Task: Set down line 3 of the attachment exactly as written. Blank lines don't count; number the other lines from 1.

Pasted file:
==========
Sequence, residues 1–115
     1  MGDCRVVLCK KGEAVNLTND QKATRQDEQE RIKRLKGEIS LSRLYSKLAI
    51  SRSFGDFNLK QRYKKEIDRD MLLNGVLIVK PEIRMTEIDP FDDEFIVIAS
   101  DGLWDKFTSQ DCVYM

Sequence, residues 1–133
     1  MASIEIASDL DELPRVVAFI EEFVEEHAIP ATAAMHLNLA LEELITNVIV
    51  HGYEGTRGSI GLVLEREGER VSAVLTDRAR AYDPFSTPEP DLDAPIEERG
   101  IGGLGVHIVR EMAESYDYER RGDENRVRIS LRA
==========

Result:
    51  SRSFGDFNLK QRYKKEIDRD MLLNGVLIVK PEIRMTEIDP FDDEFIVIAS